When Dent and I got together, Russia had already invaded its former vassal state, Georgia. It had signed a cease fire, but reports were circulating that the Russian bear was ignoring its own agreement. In a scant six days, Russia has broken a defiant Georgia in a ruthless display of brute power while we've watched. It has reshaped the world order.
LVRamblings: What's going on?
Congressman Dent: "First, it is quite clear that the Russian bear is awake and is angry. Prime Minister Putin and President Medvedev have territorial designs and ambitions towards Georgia. There are clearly ethnic tensions in South Osettia, which is largely driving this dispute. But what we are also seeing here are very aggressive territorial designs of the current Russian leadership.
"This is unacceptable. The Russians must withdraw. They were parties to a cease fire and they seem to have violated that cease fire - they must withdraw from Georgia. That is the first thing that needs to occur.
"Clearly, a military option from our country is off the table. Nobody is seriously talking about that. The issue for us is - how do we appropriately appropriately sanction the Russians for this egregious military action?"
LVRamblings: Before we get to that, I've read that the Russians have spent the last several years feeling embarrassed, ashamed, humiliated and that they want to restore their hegemony over the adjoining states and the lustre of the U.S.S.R. Is that a legitimate concern?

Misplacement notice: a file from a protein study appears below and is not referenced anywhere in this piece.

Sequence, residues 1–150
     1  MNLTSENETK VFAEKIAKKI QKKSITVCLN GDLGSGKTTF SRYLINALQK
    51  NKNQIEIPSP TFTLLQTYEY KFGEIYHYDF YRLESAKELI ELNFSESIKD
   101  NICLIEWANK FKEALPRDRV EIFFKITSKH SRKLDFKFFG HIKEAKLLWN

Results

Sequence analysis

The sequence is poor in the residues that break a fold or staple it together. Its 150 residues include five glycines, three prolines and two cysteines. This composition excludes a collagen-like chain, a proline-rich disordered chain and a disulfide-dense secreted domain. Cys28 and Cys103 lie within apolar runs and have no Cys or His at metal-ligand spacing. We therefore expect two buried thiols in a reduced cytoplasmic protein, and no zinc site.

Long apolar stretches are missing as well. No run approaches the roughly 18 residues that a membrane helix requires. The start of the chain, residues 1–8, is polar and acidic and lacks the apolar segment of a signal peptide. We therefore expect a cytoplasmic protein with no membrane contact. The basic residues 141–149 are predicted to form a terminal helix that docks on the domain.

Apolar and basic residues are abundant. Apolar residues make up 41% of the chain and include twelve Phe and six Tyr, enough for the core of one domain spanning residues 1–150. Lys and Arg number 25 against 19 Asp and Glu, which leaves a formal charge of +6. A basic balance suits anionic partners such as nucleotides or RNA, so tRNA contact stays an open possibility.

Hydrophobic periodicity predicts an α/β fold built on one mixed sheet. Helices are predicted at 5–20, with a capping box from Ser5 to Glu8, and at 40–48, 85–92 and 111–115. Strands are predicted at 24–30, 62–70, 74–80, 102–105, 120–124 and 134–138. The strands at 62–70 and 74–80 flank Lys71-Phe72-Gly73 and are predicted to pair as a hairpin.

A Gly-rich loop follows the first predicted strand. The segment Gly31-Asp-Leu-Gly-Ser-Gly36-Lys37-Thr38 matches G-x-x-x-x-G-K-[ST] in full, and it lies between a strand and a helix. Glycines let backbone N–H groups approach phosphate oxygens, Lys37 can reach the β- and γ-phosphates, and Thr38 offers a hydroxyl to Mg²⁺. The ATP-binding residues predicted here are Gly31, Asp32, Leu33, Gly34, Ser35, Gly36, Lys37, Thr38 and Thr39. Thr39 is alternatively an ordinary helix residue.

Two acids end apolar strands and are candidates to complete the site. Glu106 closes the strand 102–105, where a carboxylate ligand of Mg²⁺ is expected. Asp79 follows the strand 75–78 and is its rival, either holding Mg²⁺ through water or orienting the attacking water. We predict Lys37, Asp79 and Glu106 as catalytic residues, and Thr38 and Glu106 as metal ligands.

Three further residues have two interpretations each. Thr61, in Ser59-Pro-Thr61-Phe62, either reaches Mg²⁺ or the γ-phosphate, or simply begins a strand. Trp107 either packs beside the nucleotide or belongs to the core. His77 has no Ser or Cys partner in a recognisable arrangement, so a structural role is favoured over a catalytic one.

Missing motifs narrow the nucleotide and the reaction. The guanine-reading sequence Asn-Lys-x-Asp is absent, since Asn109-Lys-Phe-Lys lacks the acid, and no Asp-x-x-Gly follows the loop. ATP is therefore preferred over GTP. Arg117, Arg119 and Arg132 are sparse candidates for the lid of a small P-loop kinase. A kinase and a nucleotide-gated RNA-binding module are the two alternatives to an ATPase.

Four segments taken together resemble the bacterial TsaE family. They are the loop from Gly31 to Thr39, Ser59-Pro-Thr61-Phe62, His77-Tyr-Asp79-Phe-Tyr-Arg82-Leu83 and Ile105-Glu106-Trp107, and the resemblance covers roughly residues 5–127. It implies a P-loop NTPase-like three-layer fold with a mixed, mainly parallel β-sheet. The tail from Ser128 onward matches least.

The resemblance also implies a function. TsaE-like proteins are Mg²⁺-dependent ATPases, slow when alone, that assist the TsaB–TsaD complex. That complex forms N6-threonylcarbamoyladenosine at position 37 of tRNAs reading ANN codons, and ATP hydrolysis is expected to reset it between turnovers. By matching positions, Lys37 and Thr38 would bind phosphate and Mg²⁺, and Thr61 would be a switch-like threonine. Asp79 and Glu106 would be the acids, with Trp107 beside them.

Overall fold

Congressman Dent: "I believe that the Russian nation and certainly its current leadership feel as if they've been humiliated after the former Soviet Union dissolved. This was a blow to Russian national pride. Now that you see a Russia with some money, they feel resurgent and confident.
"What you're also seeing here is the convergence of our international security situation with our energy needs. This is driven, not only by Russian designs for territory, but also by Russian ambitions on the energy side of the equation.
"This is why we need American sources of energy, so we become less susceptible to these incidents.
"We should be looking at sanctions. Frankly, I think we ought to reconsider Russia's membership in the G8. That would be a blow to their national pride. Being in the G8 is very important to them. It will harm their stature if we take them out. They want to get involved in the World Trade Organization, the OECD. These are areas where we have some heavy leverage over the Russians.
"As far as I am concerned, this really is going to put a damper on and sours the relations between our nation and Russia. Georgia is a democratically elected government and is pro-Western just as Yushchenko's Ukraine is pro-Western. It's quite clear that Messrs. Putin and Medvedev are concerned about this Western orientation of some of their former Republics. That's also what partially drives this Russian aggression towards Georgia."
When I interviewed Sam Bennett, she was unable to name the leaders of China, France, Germany, India, Afghanistan or Sudan. Perhaps it was unfair to put her on the spot with questions like that, but her shallow understanding of foreign affairs stands in start contrast to Charlie Dent's expertise.